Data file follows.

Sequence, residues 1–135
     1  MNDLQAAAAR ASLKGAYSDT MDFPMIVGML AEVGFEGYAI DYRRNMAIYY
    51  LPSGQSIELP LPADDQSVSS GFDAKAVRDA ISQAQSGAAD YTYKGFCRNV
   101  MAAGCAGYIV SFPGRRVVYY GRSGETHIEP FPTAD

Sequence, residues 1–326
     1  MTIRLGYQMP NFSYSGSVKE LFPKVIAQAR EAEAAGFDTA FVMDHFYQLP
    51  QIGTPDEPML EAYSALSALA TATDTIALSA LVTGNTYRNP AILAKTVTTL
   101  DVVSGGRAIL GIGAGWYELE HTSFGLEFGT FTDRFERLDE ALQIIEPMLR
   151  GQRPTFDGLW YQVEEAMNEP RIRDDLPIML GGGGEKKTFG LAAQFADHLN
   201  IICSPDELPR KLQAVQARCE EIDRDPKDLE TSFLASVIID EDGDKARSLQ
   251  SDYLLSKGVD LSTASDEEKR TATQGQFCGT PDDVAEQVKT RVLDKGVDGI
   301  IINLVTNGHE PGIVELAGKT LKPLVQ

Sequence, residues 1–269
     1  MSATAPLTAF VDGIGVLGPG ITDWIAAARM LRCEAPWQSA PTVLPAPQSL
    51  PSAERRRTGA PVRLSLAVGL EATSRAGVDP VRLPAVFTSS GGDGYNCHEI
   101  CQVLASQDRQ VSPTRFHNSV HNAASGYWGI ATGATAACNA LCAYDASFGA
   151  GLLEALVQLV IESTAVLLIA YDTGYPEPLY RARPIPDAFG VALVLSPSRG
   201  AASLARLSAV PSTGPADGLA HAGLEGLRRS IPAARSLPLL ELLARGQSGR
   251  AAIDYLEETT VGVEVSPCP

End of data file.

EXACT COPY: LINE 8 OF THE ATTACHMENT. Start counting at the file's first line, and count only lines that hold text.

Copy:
   101  DVVSGGRAIL GIGAGWYELE HTSFGLEFGT FTDRFERLDE ALQIIEPMLR